When the installation finishes, and your computer reboots, a GRUB screen will greet you, where you can choose what to do next.
Naturally, the first option will be to start Debian itself. There are also some advanced options, like probably loading different kernels, and doing a memory test, but we will not worry a lot about these now. If you are dual booting with Window$, you will also find an entry for it at the bottom of the list (where it belongs). If you want to access your Window$ system, you should choose that option, but for now just press Enter on the first entry, or wait for the 5 seconds countdown to finish, after which the standard option (Debian) will be automatically loaded.
The system will then load. It should be fairly fast, and a splash screen might or might not appear. Soon you will find yourself at the display manager's login screen. If you've read the installation instructions carefully, you might remember that there are more than one available display managers, and that depending on your chosen Desktop environment(s) at least one of these should be installed.
What your login screen looks like will depend on your DM. Assuming you only have one Desktop Environment installed, the login screen should look as below. (If you have more than one and have chosen a specific DM, your experience might vary.)
Not only will you need to access to the command line for one of the fixes listed in the next chapter, but learning to use a terminal will allow you to do things faster and more efficiently in your new Linux system. With that in mind, the only task you'll learn to perform from this article is how to open a terminal emulator from each one of the three major DEs.
The first thing you'll see when the boot process finishes, is your username specified at install time, presented as a card. Later on, if you add more users you can pick one of the available names here. There's a password field on the user card.
You will be greeted by a rather empty desktop. No icons, just the wallpaper featuring the latest Debian artwork, and the bottom-bar that seems universal across operating systems. Unless you use Linux with Gnome, or XFCE, or Mate, or a lot other DEs, that don't use this layout. Or macO$. Anyway, if you're coming from Window$, there should be nothing new about this.
konsole. With a "k". (KDE applications tend to start their names with the letter "k". Words starting with "c" are usually changed (in application names) to start with "k" too. It's a branding thing.) This should find the application named Konsole, which is a terminal emulator.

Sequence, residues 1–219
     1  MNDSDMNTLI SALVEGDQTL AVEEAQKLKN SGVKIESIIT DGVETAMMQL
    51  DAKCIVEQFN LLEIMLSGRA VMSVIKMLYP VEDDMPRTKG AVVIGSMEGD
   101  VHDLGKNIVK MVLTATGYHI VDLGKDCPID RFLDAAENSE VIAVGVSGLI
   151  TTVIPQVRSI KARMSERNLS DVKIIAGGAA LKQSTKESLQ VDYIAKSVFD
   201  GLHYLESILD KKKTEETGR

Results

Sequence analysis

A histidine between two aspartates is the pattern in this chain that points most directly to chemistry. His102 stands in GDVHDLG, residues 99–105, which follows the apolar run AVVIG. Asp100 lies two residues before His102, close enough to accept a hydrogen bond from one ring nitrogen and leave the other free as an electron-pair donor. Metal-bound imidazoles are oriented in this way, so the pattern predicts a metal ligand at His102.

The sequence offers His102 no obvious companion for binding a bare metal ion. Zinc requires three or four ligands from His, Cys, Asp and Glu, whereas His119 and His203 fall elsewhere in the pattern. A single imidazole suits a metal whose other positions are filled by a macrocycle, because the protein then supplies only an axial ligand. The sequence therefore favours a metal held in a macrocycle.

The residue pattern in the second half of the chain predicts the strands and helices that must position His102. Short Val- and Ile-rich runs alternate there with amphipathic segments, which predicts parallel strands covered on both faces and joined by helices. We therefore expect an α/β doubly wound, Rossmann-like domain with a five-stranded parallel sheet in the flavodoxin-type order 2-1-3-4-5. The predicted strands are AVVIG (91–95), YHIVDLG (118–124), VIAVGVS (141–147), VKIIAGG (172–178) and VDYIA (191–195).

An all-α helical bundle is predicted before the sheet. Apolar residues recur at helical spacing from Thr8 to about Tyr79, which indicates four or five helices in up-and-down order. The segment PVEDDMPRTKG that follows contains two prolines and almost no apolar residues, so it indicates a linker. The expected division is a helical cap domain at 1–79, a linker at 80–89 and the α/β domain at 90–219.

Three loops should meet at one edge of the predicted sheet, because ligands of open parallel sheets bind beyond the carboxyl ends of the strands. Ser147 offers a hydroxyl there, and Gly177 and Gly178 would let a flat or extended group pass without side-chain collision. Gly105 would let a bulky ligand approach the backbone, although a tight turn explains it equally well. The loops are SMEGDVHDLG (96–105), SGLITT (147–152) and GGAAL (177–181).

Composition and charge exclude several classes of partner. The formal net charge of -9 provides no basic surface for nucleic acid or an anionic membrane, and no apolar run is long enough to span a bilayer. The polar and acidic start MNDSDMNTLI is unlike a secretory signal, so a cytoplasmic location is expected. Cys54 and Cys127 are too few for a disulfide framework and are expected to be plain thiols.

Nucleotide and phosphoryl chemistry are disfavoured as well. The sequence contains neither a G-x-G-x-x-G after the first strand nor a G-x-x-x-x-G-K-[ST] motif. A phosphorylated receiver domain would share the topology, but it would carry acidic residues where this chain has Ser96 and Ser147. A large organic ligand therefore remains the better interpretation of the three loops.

The first thing you'll see when the boot process finishes, is your username specified at install time. Later on, if you add more users you will be able to pick any one of the available names here.
A weird, empty looking screen will greet you. That is your desktop. It has nothing on it, no icons, no bottom bar, only that thin black line at the top with some writing. Is that it? Yes, it is.
To access your applications, you will need to click on Activities in the upper left corner. It will bring up a fully touch-optimised dashboard
When the computer finished booting, you will be greeted with a login screen. Unlike some other desktop managers, LightDM (The DM which XFCE uses by default) wants you to actually type in your username. If you've forgotten your username, you're in trouble now...
When XFCE first starts, it will ask you how you'd like to use the panel. As a quite customisable DE, it will allow you to have things your way from the start. Choosing the One Empty Panel option will allow you do just that, while Use Default Config will bring up the most typical setup.
Now you actually have two panels. One at the top has the usual things while the bottom one has application icons and stuff. A bit like macO$, only a lot uglier. Yes, standard XFCE setup is as aesthetically pleasing as a rusty toolbox. Yes, I know that some people find rusty toolboxes aesthetically pleasing. (Believe it or not, some also find the default XFCE looks nice. People can have strange tastes sometimes.) The default looks can be changed rather easily, but that will not be covered until the next chapter, sorry.
If you've selected the wrong option here, you might not find it all that easy to set things up. ("The one empty panel" is really just that.) In that case, you can right-click the desktop, open a terminal from the context menu, and type (or copy/paste) the following command to start over from the chooser:
xfce4-panel --quit ; pkill xfconfd ; rm -rf ~/.config/xfce4/panel ~/.config/xfce4/xfconf/xfce-perchannel-xml/xfce4-panel.xml ; xfce4-panel;
(Credit for this simplified solution goes to this Ubuntu forum answer.)
You can open a terminal in one of three ways. (Oh, the choices!):
A terminal will be the fruit of your efforts
Have you noticed how the last option says "Open terminal here", not just e.g. "Open terminal"? That is because it will open a terminal in the Desktop folder (
/home/username/Desktop). This would be great if you could actually set up XFCE to show any folder of your choice as the desktop, and when you say "Open Terminal Here", it would open a terminal and put you in that folder. That would be quite useful if you have a working folder and you regularly perform terminal-based operations on its contents. Unfortunately, this is not the case. Whatever you do, it will just open the terminal in the
Desktop folder, which makes it pretty much useless.
Of course, there is a lot more to your new Debian system, and you might be curious to learn more, but to complete the following really important post-installation tasks, this is all you really need now. A more detailed introduction to your preferred DE will come in the next part, Get to know your new Debian System